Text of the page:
Recently, a statewide task force set about determining ways to save taxpayer money in the realm of incarceration. A study was produced by consultants towards that end. With findings and ideas in hand, state legislators headed to a conference of judges to explain the new laws meant to achieve their goals.
They had found that there were a large number of non-violent, low-level offenders, costing great amounts of money, that could be more cheaply, and arguably more effectively, handled out in the community through measures like probation as well as other similar methods.
Many are pleased to see new laws that not only lower costs of managing criminal offenders, but also are seemingly more focused on helping those offenders rejoin society as productive members rather than simply seeking to punish them for their offenses.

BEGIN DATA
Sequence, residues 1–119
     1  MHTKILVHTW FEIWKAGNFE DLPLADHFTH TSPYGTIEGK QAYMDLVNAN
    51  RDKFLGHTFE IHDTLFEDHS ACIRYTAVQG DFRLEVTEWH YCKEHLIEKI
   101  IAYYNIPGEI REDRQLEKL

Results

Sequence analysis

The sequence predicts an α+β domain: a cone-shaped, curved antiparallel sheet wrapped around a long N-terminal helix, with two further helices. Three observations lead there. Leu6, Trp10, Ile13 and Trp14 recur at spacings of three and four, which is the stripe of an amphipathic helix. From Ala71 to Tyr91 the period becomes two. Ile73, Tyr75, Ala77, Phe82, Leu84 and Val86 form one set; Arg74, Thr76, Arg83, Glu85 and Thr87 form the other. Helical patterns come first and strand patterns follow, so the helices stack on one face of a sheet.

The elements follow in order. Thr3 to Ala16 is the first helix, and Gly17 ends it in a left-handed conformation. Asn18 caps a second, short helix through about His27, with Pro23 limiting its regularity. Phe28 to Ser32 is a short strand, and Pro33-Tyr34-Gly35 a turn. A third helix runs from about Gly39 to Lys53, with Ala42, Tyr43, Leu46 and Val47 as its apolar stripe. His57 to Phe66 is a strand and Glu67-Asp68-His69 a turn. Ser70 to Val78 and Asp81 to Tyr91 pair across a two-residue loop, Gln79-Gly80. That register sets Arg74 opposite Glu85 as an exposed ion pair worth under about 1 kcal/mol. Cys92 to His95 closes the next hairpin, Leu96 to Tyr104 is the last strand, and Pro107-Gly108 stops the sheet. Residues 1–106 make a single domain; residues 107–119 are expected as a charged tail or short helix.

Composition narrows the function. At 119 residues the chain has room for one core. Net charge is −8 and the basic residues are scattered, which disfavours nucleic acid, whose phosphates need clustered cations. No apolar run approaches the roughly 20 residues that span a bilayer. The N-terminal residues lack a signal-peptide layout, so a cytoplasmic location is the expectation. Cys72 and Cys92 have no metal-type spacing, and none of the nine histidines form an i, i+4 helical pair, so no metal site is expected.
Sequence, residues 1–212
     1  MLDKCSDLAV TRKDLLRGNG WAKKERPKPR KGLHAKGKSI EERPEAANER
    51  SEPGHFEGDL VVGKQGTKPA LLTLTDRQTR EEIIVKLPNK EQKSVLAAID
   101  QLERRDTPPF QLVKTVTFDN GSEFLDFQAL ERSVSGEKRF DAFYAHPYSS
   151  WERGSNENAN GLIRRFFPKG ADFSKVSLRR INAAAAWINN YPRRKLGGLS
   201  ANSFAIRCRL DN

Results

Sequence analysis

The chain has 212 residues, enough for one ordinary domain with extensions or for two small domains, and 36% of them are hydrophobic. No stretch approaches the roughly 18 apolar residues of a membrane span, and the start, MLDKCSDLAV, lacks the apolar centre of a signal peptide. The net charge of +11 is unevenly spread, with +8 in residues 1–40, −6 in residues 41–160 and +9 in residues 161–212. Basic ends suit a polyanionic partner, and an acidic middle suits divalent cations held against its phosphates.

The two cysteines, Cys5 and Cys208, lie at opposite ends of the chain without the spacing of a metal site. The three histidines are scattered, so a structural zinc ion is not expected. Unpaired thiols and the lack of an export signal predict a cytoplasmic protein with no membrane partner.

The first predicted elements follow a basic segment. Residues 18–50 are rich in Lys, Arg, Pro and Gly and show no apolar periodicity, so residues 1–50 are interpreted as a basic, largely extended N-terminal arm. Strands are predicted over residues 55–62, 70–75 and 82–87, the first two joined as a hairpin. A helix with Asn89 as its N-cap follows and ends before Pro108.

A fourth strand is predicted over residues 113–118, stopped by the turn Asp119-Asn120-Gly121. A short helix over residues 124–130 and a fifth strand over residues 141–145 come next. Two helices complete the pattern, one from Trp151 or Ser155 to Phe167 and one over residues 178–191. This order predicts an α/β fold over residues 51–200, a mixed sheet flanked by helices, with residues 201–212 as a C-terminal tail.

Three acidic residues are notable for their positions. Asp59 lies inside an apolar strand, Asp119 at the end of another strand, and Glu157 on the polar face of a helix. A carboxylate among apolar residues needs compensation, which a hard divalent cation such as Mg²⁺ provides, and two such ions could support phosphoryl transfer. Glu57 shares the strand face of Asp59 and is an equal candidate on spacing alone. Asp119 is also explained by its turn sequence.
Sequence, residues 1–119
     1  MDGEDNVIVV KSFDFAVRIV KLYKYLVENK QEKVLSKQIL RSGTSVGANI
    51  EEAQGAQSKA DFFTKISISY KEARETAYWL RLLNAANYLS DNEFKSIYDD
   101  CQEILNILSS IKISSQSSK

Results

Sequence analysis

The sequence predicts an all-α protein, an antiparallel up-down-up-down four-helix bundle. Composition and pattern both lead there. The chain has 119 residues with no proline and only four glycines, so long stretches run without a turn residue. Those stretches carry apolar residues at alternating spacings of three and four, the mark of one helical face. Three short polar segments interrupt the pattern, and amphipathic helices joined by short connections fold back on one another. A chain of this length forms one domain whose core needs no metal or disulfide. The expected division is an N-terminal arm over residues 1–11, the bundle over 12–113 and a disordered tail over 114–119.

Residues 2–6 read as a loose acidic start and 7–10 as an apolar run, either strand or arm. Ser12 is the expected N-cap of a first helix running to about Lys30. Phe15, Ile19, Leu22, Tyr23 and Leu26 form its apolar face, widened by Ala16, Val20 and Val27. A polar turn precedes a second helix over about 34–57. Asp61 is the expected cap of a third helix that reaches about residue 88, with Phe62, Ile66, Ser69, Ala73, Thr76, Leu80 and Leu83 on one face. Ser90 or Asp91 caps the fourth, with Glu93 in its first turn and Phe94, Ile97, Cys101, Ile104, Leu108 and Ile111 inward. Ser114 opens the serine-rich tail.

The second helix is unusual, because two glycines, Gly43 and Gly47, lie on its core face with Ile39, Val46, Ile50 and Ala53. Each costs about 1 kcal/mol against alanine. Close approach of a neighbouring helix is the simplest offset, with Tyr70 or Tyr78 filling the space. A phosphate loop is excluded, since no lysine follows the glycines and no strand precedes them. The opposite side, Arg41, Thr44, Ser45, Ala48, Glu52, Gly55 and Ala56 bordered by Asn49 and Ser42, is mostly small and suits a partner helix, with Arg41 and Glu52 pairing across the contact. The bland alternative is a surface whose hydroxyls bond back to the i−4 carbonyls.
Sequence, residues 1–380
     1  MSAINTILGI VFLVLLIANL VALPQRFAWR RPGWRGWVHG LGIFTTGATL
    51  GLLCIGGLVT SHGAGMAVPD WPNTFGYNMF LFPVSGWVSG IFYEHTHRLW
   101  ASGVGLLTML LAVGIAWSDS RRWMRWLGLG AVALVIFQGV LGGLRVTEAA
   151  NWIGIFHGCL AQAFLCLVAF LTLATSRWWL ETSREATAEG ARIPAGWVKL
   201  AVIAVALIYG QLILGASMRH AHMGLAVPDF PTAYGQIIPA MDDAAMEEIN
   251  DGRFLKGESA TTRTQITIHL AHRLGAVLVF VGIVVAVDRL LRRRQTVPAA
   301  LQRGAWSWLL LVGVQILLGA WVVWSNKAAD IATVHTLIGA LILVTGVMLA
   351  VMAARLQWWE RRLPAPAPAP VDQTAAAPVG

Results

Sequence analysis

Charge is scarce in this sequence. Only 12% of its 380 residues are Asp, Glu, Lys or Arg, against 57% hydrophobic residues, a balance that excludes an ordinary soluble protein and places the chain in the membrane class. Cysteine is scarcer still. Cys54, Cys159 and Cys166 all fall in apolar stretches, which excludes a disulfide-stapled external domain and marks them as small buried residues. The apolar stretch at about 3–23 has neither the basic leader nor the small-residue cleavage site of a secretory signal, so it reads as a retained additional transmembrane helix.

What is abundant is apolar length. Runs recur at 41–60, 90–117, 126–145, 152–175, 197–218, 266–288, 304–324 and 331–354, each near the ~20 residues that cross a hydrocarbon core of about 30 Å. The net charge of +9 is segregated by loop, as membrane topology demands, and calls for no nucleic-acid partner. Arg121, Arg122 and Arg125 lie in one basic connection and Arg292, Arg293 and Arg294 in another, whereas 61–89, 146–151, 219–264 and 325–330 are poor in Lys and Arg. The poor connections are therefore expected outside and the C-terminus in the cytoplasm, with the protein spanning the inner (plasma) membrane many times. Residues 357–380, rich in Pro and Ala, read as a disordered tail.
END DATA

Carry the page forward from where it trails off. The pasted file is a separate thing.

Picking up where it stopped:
As part of the new changes, the way in which DUI convictions are handled has received modification as well. First time violations will now offer a choice to the convicted between the typical suspension of their license or use of an interlock device. This choice will allow offenders who have jobs that require they provide their own transportation to keep their jobs as opposed to losing them due to an inability to legally drive their vehicles.
The week long conference is part of the 12-hour training judges are required to take part in every year in Mississippi.